This fair was held once every three years; it began on 1st August and ended on the 6th. Another example is the Curragh of the Liffey which is the most celebrated race course in Ireland. However, from the ancient lore we see the God of Light Lugh Himself, instituted the great fair of Tailltenn (now called Teltown) in honour of his foster mother Tailltiu (pronounced Telsha). The lore relates how Tailltiu’s heart broke under the strain of clearing the plain that carries her name. Lugh then ordained that the fair, with feasting and games should be held there annually for all time as a memorial to Her. Tailltiu was in fact a Goddess of the Land who founded the kingship of Ireland under the Fir Bolgs, in the time before the coming of either the Tuatha de Danaan or the Gael. It is said that the Fir Bolgs landed in Ireland at Lughnasadh, hence this festival seems to have a great deal of association with the older races of that land. The site of Tailltenn was also an ancient sacred burial place for the men of Ulster, which is traditionally the stronghold of the Fir Bolg warriors. The Fir Bolg peoples were closely associated with agriculture. Lughnasadh was an important land festival within the communities of the ‘common folk’. Throughout Gaelic lands Lughnasadh is to this day known as “the festival of first fruits“. It does in a very real way honor Thallium, who as a Goddess of the Land (and sovereignty), is the Earth Mother.
When considering the agricultural perhaps we can best establish the idea of the intent of this festival time by exploring the Gaelic language itself. By doing this study, we find that the name Lugh, transliterates to the least. As the People were still by and large living on the stores or the previous years harvest, this was the time when the stores were at the least. It was a time of looking forward to the harvest time just starting. It must to be pointed out directly, to avoid confusion, that this festival either in veneration of Tailltiu or Lughnasadh, has no connection to any concept of Corn Kings or harvest festivals, such as referenced to in Frazer s The Golden Bough . Tailltenn was the scene of the final battle between the Tuatha de Danaans and the Gaels. The Gaels here defeated the Tuatha, and it is here that they buried their three kings. After this the Gaels divided Ireland between the sons of the Mil.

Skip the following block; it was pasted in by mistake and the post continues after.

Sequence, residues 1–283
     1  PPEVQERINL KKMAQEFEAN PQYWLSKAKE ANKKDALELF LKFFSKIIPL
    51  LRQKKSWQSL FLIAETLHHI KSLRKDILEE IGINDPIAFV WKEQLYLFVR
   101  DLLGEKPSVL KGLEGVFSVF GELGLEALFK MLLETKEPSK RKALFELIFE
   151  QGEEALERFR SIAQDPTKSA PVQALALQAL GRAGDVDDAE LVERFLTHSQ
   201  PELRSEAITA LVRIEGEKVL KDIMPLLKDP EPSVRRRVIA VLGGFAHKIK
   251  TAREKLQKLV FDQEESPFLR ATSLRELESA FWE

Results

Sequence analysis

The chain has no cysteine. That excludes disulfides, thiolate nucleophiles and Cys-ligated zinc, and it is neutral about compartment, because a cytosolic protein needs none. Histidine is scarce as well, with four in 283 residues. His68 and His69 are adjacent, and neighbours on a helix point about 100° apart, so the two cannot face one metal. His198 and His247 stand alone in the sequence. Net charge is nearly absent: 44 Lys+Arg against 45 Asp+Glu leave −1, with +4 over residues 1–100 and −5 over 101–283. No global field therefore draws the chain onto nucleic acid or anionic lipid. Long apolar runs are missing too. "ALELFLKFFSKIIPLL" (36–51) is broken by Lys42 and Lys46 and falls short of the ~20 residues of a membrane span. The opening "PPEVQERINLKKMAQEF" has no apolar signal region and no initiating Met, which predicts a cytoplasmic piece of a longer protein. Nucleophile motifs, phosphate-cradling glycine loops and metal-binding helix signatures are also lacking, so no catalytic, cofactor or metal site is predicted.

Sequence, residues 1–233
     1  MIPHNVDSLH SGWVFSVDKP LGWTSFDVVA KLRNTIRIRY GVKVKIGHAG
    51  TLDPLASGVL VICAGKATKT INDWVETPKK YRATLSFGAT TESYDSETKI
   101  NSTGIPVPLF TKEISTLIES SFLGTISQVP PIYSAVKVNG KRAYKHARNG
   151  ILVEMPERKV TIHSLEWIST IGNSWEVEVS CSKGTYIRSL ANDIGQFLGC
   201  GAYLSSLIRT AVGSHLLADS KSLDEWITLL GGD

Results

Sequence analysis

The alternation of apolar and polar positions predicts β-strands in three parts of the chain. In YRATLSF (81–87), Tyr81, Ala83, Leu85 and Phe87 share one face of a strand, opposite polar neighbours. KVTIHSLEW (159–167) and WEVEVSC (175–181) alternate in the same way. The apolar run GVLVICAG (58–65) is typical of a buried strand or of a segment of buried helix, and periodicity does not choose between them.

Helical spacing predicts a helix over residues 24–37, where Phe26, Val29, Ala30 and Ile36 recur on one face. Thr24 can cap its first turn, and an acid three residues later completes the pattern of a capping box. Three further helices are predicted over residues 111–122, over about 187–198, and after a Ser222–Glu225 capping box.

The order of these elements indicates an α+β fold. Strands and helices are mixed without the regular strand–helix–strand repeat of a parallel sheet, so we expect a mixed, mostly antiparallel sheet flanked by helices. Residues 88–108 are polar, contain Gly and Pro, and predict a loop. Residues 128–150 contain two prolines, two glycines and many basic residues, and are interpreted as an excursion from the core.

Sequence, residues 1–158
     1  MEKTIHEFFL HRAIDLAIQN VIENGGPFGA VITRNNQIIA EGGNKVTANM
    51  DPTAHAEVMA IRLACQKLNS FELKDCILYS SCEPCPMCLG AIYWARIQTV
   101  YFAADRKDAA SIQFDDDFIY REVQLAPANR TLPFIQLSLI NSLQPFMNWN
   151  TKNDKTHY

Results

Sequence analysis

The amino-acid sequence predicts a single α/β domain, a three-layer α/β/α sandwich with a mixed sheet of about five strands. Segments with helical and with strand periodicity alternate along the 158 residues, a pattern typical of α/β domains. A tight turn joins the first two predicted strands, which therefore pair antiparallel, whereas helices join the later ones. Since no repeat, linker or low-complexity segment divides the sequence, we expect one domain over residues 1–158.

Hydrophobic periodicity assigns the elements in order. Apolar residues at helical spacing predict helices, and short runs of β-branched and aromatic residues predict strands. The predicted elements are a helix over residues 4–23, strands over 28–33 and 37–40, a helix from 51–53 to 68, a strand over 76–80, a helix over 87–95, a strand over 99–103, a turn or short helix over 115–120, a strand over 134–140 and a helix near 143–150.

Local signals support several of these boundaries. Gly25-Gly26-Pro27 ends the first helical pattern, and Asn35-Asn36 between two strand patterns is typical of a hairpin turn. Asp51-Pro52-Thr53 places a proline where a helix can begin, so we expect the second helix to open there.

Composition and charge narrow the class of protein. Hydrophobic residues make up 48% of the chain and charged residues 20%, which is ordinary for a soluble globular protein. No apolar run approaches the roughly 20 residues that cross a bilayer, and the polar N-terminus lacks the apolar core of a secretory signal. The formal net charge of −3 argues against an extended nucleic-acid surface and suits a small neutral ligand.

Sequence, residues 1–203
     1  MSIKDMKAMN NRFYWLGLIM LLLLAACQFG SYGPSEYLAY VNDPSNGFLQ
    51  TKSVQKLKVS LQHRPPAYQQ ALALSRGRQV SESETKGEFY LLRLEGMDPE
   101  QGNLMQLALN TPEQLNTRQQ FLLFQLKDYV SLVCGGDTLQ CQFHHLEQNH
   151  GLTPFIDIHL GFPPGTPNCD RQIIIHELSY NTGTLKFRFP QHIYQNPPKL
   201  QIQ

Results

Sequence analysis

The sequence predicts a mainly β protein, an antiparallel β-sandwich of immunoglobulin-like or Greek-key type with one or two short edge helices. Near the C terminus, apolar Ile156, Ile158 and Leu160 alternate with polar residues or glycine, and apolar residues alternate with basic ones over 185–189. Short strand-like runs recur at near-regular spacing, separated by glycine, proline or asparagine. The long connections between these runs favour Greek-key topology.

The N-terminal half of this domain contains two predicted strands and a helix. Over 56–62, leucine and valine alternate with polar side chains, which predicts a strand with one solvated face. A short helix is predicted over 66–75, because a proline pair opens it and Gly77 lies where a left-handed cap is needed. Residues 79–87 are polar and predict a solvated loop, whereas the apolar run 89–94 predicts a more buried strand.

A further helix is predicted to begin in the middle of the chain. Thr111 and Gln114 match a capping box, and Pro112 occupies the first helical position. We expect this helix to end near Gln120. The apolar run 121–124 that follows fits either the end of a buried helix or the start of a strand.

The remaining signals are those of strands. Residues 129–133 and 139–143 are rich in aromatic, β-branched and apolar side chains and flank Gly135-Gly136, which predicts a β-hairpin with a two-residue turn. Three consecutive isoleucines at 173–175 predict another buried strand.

It seems that a common element was the prevalence of horses at the fairs associated with Lughnasadh. Of course the White Stead is a common companion of Lugh in the lore. Even in the Ulster Cycle, the foot race between Macha and the chariots of MacNesa speak of this. The emphasis on horse races and horsemanship seem to drive home the point. This is very significant, for the horse is the embodiment of the Goddess of Sovereignty. In this her task seems to be to deliver spirits to Otherworld. A telling custom related to this belief which was once widely practised in the coastal lands of the Gaidhealtachd was for people to drive their horses down to the beach and into the sea on Lughnasadh. The Fair of Tailltenn, became a major annual event held on the 1st of August, which was attended by people of all classes in Gaelic Celtic. It had all the usual attractions of a great festival, but was particularly renowned for its excellent games and its ‘marriage market’. Lughnasadh was the season of handfastings, or trial marriages that lasted a year and a day. After that time the couple had to return to the same place at the fair the following year to make their contract a permanent one. They also had the right to declare themselves divorced by walking in opposite directions away from each other. Trial marriages of a year and a day lasted up until recent centuries in many Gaelic areas. During this time young people would often simply *pair up* with a ‘brother’ or ‘sister’ for the duration of the fair, after which they went their separate ways. As a matter of fact, even into the 18th century the ribald flavor of the Teltown Fair (Teltown being the Anglicized version of the place name) was held to be quite scandalous. In some places one whole day was dedicated to horse and chariot. In addition to the games, there were recitations of poems, genealogies and romantic tales. Music was provided by cruits (harps), timpans, trumpets, horns and cuisig or piob (pipes). Feats of horsemanship were performed. There were also jugglers and clowns. It seems that there were usually three distinct market places; one for food and clothes, one for livestock and another for luxury goods. If it rained during this festival, it was believed that Lugh himself was present.
Like the other fire festivals, this one too was once celebrated with great bonfires in every district.